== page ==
An examination of the quality of urban life of residential neighbourhoods in Lilongwe, Malawi

  • Laura MacLean

Student thesis: Doctoral Thesis

Abstract

This research has designed and tested a theoretical model, framework and toolkit for assessing the quality of urban life (QoUL) within the context of east-southern African cities (ESA). The research emphasises the contribution of context and culture on the scholastic topic of QoUL, underscoring the need to tailor the approach to the conditions of the environment under investigation. This is significant because QoUL can be interpreted differently across cultures. This is due to quality per definition being context-dependent; therefore, an individual's perception of quality will differ depending on the cultural setting. While there are undoubtedly aspects of urban life which are pan-cultural, this research argues that there are also culture-specific features which make urban life unique in each city or setting. Consequently, QoUL studies must balance universal and context specificities when designing measurement tools. Despite this contextual importance, discourse on QoUL shows that the preponderance of existing empirical studies and measurement frameworks have been developed based on Western case studies and standards. Given the differences in urban settings, this thesis argues that a new conceptual model and framework must be developed to examine the specificities within the case-study city. This research addresses these knowledge gaps by first designing a conceptual model which guides the research by underscoring the core dimensions of a QoUL study. This is followed by deriving and validating a tailored indicator list for investigating QoUL in the context of Lilongwe. This indicator list is then translated into a toolkit where all indicators are assessed using a multi-methodological approach. This approach includes gaining primary data through participatory methods with residents and experts in Malawi, direct observations and profiling or urban settings, and thorough literary knowledge, including government documents. Through this comprehensive approach, the research aims to understand the relationship between the resident's subjective perception of their urban environment, and the objective conditions that they reside in. Lilongwe is used as a case study as hitherto cities of ESA have been in the periphery of urban investigations. This lack of scholarly interest has resulted in a gap of knowledge of how residents use space and a lack of understanding of how place impacts people's lives within this context. Lilongwe has experienced an increase in urban population over recent years. This increase has dramatically impacted the use of space, which impacts the QoUL of urban communities. This research addresses this knowledge gap through empirical primary data collection in the case study city. This provides one of the first empirical investigations into how space impacts residents QoUL within Malawi. One of the fundamental aims of this research has been to extend writing on modern African cities while underpinning the significant role that culture and context play in the discourse of QoUL. Through this investigation, the research contributes to public policies to positively resolve urban issues. The recommendations propose methods to improve the quality of the neighbourhoods across a range of small to large scale interventions. These are offered at both a strategic and design level to best resolve the challenges faced. The recommendations include specific methods to improve QoUL based on the multifaceted approach to investigating QoUL, and detail where bespoke indicators are shown to impact residents QoUL considerably. These bespoke indicators would have been overlooked if the research was not tailored to the context under investigation; thus, confirm the importance of modifying the research. This research, therefore, aims to contribute to urban knowledge through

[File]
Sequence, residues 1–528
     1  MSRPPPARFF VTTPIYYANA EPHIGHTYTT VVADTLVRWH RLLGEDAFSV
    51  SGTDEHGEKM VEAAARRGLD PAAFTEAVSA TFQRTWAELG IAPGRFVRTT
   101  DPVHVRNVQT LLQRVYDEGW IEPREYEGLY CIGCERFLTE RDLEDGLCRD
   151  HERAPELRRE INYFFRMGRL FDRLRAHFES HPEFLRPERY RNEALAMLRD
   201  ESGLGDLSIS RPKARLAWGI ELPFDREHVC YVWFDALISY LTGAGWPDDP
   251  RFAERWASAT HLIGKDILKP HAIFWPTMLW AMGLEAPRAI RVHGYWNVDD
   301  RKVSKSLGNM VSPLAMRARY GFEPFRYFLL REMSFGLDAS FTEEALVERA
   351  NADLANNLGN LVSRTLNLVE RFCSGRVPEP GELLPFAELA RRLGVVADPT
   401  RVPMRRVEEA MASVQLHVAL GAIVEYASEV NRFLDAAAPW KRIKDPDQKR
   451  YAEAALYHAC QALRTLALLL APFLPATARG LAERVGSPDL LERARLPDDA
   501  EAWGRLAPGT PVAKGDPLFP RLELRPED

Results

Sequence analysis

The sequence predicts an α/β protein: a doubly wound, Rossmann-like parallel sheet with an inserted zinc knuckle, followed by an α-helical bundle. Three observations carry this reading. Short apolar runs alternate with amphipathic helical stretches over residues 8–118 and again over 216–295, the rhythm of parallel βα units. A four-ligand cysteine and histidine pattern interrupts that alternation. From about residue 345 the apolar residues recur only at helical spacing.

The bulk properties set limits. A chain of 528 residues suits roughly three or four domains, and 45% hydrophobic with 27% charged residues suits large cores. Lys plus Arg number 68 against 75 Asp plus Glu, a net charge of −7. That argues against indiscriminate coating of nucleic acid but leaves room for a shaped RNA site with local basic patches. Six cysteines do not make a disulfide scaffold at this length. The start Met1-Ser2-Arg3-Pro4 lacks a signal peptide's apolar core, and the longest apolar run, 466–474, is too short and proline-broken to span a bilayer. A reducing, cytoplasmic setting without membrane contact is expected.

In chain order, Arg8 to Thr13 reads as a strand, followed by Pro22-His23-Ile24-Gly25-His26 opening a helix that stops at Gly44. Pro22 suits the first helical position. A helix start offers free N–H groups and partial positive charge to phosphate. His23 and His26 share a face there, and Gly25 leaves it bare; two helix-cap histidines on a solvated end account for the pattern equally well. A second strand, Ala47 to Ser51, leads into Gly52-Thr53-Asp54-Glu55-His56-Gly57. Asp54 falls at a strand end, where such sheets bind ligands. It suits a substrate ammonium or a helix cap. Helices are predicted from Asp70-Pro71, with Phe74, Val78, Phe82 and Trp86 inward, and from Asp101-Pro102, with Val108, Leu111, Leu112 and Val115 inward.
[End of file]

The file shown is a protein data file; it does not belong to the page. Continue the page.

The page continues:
Date of Award14 May 2021
Original languageEnglish
Awarding Institution
  • University Of Strathclyde
SponsorsUniversity of Strathclyde
SupervisorAshraf Salama (Supervisor) & David Grierson (Supervisor)

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